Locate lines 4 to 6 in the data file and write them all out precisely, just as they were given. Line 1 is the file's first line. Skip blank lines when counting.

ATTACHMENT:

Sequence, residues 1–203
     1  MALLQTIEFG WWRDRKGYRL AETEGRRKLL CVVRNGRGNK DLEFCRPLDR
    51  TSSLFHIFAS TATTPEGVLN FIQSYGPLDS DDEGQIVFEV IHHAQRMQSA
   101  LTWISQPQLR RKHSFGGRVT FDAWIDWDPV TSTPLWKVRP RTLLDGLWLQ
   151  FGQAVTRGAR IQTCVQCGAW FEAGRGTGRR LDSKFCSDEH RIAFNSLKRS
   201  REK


   101  LTWISQPQLR RKHSFGGRVT FDAWIDWDPV TSTPLWKVRP RTLLDGLWLQ
   151  FGQAVTRGAR IQTCVQCGAW FEAGRGTGRR LDSKFCSDEH RIAFNSLKRS
   201  REK